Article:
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|Highest governing body||World Rugby|
|Nicknames||Tens, Ten-a-side, |
10's or 10s and Xs.
|Mixed gender||Separate competitions|
|Type||Team sport, outdoor, variant of rugby union|
Rugby tens, also known as ten-a-side and Xs, is a variant of rugby union in which teams are made up of ten players, typically five forwards and five backs. Matches are much shorter, usually played as two ten-minute halves.
Unlike the other two major rugby union variants - sevens and beach rugby - which were invented in major rugby nations, rugby tens was developed in Malaysia, a nation that has never qualified for the Rugby World Cup.
Rugby tens was introduced by the Combined Old Boys Rugby Association (COBRA) of Malaysia in 1967 primarily, to enable Asian players to better compete with against larger-sized players from the traditional rugby playing nations. COBRA organized the first Rugby ten-a-side, tournament, COBRA 10s, that same year. It has grown from a local tournament into a prestigious international tournament, with more than 40 nations have been represented to date. Many players who have participated in the COBRA 10s have gone on to don national colours.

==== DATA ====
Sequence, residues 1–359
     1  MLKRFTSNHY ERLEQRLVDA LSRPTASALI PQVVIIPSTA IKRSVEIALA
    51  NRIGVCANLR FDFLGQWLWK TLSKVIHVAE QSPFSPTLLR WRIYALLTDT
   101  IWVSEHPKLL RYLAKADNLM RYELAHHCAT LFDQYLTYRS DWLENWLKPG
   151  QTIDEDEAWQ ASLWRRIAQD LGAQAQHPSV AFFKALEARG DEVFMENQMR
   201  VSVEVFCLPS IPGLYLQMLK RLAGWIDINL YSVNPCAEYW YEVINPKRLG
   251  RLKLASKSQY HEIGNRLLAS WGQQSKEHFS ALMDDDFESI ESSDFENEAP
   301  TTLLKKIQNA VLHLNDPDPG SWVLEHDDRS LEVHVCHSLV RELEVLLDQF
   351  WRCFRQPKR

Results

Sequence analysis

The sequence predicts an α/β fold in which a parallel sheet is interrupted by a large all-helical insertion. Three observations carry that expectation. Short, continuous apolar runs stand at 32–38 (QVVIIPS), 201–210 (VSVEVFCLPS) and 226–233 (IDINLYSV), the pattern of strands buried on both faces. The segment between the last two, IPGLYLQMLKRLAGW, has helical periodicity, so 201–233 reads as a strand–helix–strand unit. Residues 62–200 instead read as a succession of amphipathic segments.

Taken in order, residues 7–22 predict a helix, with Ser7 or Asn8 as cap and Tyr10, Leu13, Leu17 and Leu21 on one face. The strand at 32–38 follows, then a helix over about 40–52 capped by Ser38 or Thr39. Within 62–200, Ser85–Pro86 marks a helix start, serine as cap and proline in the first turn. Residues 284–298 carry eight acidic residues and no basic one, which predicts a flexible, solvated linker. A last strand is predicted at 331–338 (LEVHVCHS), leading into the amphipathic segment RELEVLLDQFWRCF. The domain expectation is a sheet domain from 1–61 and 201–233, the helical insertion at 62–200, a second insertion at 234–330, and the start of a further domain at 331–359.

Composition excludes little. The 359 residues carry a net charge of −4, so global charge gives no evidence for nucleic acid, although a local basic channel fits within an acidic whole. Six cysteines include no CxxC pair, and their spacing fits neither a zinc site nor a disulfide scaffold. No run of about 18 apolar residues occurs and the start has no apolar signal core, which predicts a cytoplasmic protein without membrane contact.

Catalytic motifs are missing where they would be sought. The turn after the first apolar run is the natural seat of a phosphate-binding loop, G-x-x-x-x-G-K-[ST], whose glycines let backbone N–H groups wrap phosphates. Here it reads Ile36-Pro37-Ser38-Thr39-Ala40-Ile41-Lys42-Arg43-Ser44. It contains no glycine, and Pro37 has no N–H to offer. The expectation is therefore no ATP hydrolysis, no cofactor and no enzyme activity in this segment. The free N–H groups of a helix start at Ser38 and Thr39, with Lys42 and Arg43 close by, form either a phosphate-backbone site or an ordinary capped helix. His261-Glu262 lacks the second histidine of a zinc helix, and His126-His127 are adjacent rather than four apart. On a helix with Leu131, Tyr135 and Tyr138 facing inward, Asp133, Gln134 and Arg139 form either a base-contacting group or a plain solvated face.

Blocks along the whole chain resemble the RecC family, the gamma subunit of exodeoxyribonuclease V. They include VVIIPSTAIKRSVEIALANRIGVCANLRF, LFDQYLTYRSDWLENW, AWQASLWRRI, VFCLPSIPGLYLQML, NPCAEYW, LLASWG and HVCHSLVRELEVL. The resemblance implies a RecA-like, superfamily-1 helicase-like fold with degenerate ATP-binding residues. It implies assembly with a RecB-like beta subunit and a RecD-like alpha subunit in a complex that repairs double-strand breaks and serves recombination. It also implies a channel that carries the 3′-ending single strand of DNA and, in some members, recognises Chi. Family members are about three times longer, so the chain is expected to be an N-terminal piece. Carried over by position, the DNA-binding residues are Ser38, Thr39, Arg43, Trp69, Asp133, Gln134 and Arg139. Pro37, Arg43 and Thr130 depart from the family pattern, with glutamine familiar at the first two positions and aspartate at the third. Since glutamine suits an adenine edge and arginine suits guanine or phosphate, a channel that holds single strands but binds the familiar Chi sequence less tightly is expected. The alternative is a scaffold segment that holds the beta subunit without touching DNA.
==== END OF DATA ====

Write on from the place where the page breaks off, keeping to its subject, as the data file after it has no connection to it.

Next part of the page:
The game is fairly popular in Malaysia, Indonesia, Singapore, Republic of Korea and Thailand, and especially in South Africa where it is growing very fast. Other tournaments have been organised in Europe, Africa, Australasia and North America.
Unlike sevens rugby, tens offer players of diverse skills, capabilities and different fitness levels the opportunity to continue to enjoy the game they love so much. The more traditional scrums and lineouts are part of the game whilst the fact that there is a bit more space on the field, however not too much as to expose the slower forwards on the defensive lines, makes this a very popular game for all levels of players.
Major rugby tens tournaments include:
The popular Cape Town Tens attracts teams from all over the world to South Africa during the first week of February each year.